On the morning of September 11, 2001, when I heard the news, I tried to log on to CNN.com but could not do so because of all the heavy traffic online. The site simply jammed up.
After work, I drove home, listening to National Public Radio out of Buffalo, NY.
I do not own a television. I had not yet viewed any footage of the disaster although I had seen a fair amount of still photographs. That evening, I made a vow to myself that, as much as possible, I was not going to watch any film or videos of what happened that morning. There was no escaping the images of the smoking and collapsing towers but, to the best of my ability, I was going to block the sight of the actual impact of the jets from my mind.
It has been ten years since that day and I have been good to my word. For ten years, I’ve managed to avoid seeing what hundreds of millions of people around the world have witnessed countless times. My mind remains unpolluted by that ugliness.
I know that both television and radio are going to focus much of the weekend on the 9/11 disaster and maybe that is as it should be.
As for me, I see no psychological or emotional benefit to having to go through a replay of what happened that morning. I do not see any advantage to watching the crashes over and over and over… of seeing the towers fall again and again.
Others may… but it’s not for me.
In my mind, the way I choose to commemorate that tragic event is to go on with my life as if 9/11 never happened and to act as if there was no Al Qaeda, no Osama bin Laden, and no such thing as a large population of people who want me dead not for what I did… but for who I am.
This past May, my children, Exhibits One and Two, went to Israel. Was there a chance that they would be hurt or killed by terrorists. Yes. Was I worried for their safety? Of course. Last month, my daughter, Exhibit One, spent almost all of August in Israel, mostly in Jerusalem. Was there a chance she could have been hurt or killed by terrorists? Yes. Was I worried that she would be alright? Of course.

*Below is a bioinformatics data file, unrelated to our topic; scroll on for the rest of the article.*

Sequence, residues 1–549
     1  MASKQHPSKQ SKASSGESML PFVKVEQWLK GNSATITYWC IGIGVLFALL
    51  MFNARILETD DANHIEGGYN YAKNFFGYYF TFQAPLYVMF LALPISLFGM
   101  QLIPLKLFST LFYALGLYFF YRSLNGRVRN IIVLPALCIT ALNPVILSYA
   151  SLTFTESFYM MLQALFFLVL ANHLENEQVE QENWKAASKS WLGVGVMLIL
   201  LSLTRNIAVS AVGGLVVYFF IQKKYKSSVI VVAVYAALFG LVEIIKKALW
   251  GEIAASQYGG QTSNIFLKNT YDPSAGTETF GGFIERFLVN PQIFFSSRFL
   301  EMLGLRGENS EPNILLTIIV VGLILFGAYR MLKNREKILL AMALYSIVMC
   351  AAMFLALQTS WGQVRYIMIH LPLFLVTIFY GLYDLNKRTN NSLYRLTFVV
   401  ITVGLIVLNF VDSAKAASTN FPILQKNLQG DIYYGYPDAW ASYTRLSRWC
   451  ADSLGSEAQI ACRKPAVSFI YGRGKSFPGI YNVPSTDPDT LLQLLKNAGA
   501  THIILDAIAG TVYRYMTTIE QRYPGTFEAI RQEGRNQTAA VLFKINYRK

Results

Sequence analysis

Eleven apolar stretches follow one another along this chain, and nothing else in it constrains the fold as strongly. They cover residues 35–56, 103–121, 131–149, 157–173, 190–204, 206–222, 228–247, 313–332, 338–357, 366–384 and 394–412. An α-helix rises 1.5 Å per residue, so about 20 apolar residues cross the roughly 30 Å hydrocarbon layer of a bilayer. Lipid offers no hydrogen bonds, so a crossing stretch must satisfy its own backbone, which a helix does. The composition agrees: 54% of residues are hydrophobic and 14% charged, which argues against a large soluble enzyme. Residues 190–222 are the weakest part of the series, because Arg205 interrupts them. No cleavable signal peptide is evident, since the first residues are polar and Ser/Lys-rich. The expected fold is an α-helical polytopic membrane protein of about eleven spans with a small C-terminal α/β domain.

G-d willing, within the next 12 to 24 months, my children will be emigrating to Israel. Will they both be completely safe from terrorism or war? That seems highly unlikely. Would I dream of talking either of them out of it. No way. Not a chance.
They want me to come too… to be in Israel with them so that we can all live close by and be a family together there. Will I go? Will I put myself in danger to be there with them, to be in the world’s only Jewish country, to live in a place I want to be and need to be even though it means putting myself in danger? Of course.
For me, the real lesson of 9/11 is not to re-live the horrors of that day… but to live on and to move forward with my life as if that day never happened.
To live in fear… to hide and cower and look over my shoulder and worry constantly? That is not a life that I care to live.